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Dog Vaccinations

Dog Vaccinations

Protect your puppy

Puppies are vulnerable to unpleasant infections, including distemper, infectious canine hepatitis, parvovirus and rabies. While puppies are still with their mother they get temporary protection, delivered through her milk.

Once your puppy is weaned, they can’t mix with other dogs – or play anywhere other dogs might have been – until after their second vaccination.

Your puppy’s first vaccinations should take place at six weeks. This needs to be followed by a second vaccination two to four weeks later. So when you bring your puppy home, make sure you also get details of their vaccinations – what they’ve had so far and what they still need.

Try to register your puppy with a vet as soon as you can and book an appointment well ahead. Vets can help with all kinds of health and care questions, so don’t worry about turning up with a list.

Annual boosters for all dogs

To keep your dog healthy, they’ll need a booster jab every year.

Why does my dog need vaccinations?

Vaccinations protect your dog against diseases, some of which are life threatening and can be easily spread to other dogs.

Your puppy’s first vaccination will normally be at about eight weeks of age, with a second dose at 10-12 weeks. Your puppy won’t have full protection until two weeks after the second vaccination takes effect. After that, annual booster vaccinations are needed to maintain your dog’s immunity.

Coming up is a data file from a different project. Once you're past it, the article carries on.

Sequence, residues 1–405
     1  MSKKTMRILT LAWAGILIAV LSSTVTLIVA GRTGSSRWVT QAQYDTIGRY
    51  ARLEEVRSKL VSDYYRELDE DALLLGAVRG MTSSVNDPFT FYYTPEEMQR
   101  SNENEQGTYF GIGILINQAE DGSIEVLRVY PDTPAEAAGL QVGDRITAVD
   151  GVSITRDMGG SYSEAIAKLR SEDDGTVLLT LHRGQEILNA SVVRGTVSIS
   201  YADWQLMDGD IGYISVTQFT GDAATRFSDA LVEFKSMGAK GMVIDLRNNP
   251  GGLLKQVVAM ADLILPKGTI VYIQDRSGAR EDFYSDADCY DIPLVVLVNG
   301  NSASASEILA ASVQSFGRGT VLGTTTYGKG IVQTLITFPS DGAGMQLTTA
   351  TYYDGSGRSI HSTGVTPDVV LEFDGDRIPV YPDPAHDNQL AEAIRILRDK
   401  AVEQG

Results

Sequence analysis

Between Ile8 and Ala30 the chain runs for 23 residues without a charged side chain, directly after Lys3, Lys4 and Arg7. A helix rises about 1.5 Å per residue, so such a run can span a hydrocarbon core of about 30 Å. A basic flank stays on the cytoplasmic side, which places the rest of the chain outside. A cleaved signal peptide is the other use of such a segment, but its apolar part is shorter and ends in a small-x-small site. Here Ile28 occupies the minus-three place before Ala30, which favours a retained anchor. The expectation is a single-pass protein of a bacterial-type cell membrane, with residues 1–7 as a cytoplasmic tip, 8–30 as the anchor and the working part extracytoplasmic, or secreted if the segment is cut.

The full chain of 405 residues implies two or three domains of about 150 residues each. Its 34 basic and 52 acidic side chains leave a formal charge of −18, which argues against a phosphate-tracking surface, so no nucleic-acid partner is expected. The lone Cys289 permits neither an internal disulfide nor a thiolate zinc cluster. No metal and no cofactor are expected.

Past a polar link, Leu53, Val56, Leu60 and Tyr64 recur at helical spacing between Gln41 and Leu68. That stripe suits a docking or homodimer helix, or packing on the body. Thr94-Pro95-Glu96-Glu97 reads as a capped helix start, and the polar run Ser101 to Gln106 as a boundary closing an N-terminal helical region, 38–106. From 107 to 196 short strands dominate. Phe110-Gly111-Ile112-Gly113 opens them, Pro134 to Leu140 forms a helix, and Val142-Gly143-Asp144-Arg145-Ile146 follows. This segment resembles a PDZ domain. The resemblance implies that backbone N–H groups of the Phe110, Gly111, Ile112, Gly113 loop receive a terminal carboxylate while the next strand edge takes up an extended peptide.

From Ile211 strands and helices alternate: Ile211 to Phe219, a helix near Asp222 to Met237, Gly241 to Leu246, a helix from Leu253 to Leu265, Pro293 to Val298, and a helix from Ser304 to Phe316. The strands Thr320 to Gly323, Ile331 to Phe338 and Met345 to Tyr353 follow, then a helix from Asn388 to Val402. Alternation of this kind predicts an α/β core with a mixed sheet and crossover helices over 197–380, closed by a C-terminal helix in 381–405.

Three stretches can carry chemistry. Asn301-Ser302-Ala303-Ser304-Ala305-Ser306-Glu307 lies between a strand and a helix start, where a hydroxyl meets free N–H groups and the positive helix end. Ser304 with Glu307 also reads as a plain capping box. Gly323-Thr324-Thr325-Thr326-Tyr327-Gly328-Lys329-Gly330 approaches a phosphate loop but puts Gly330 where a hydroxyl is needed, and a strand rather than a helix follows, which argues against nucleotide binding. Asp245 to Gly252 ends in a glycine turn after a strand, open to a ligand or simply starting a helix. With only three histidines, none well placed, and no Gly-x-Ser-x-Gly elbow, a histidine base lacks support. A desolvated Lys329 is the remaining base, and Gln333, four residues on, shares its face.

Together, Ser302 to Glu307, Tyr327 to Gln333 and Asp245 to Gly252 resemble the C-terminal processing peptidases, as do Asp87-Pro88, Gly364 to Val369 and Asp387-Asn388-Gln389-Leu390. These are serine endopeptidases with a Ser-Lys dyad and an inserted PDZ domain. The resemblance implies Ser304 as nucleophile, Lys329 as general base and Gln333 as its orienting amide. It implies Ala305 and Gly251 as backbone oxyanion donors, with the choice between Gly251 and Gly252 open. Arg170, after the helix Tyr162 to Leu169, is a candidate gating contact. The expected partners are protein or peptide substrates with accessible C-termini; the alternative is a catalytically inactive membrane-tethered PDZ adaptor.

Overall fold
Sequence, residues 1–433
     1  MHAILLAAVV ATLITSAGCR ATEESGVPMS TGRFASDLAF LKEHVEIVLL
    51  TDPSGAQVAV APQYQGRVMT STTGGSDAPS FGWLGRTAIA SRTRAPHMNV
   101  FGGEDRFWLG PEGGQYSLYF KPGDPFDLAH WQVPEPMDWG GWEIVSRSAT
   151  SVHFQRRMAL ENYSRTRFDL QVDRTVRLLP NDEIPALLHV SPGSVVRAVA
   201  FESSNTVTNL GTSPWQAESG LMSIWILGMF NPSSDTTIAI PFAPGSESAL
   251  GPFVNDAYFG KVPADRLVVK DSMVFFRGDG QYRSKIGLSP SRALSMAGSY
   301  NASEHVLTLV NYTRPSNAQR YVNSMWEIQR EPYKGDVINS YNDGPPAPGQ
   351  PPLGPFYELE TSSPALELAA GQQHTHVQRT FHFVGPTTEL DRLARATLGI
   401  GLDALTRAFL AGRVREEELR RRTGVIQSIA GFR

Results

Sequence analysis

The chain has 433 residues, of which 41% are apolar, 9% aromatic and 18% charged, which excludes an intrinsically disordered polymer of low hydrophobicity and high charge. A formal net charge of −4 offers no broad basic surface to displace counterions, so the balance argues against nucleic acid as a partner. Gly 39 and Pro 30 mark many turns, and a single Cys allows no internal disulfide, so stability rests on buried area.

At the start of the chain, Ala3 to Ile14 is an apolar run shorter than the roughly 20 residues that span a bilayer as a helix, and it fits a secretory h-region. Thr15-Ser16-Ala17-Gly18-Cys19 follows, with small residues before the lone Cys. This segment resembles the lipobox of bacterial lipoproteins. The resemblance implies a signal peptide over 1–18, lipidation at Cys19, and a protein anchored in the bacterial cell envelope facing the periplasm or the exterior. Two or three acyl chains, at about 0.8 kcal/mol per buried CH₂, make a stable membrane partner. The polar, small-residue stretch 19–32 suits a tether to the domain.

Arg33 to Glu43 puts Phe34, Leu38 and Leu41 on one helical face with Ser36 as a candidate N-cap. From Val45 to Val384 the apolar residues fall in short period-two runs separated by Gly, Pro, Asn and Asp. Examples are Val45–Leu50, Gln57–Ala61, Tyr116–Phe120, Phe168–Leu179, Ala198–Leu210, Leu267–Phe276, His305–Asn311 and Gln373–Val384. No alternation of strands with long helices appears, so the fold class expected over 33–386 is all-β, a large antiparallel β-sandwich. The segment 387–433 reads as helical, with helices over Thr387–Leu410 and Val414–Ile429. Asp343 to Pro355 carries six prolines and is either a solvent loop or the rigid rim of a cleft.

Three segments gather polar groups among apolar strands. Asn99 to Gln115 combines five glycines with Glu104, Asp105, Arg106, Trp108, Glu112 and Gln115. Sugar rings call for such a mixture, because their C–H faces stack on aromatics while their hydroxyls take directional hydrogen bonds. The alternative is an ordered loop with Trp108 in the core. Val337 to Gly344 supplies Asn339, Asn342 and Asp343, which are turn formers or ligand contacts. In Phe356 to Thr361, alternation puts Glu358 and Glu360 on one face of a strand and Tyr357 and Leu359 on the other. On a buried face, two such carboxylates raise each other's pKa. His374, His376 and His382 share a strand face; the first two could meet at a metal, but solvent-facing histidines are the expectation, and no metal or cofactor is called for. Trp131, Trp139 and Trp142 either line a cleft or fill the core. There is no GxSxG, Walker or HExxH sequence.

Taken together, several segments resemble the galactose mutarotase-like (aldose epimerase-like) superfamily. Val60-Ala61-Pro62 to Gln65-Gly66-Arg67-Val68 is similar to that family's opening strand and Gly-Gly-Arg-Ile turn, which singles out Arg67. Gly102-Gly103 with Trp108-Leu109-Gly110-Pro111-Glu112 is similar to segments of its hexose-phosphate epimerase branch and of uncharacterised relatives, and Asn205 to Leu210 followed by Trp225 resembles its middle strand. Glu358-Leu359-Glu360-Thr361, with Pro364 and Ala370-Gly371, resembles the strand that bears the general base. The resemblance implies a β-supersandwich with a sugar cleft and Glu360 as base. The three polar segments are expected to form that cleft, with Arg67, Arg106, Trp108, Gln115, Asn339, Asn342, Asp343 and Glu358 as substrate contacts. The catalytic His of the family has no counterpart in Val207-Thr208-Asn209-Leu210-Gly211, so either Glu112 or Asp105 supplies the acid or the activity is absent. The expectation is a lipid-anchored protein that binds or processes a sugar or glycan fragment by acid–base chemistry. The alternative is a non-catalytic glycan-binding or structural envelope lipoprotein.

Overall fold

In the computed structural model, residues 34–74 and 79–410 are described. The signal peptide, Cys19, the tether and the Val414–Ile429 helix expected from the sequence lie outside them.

The kennel cough vaccination is also recommended for any dogs staying in boarding kennels, or who are going be in contact with lots of other dogs, for example at training classes or dog shows.

Parvovirus – the importance of vaccinations

Parvovirus is highly infectious and extremely dangerous. It affects the intestine, lymphoid tissues and bone marrow of puppies and quickly causes loss of appetite, fever, vomiting, diarrhoea – and in over 90% of untreated cases, death.

Parvovirus is just one of the reasons it’s so essential to have your dog vaccinated, and to prevent them having any contact with other dogs or their poo until this is done. Direct contact between dogs isn’t necessary for the infection to spread – the virus can stay in soil for up to a year, so just licking the ground can be enough.

If you suspect your dog has contracted parvovirus, act quickly. The sooner a vet can treat the disease, the less permanent damage will be done.

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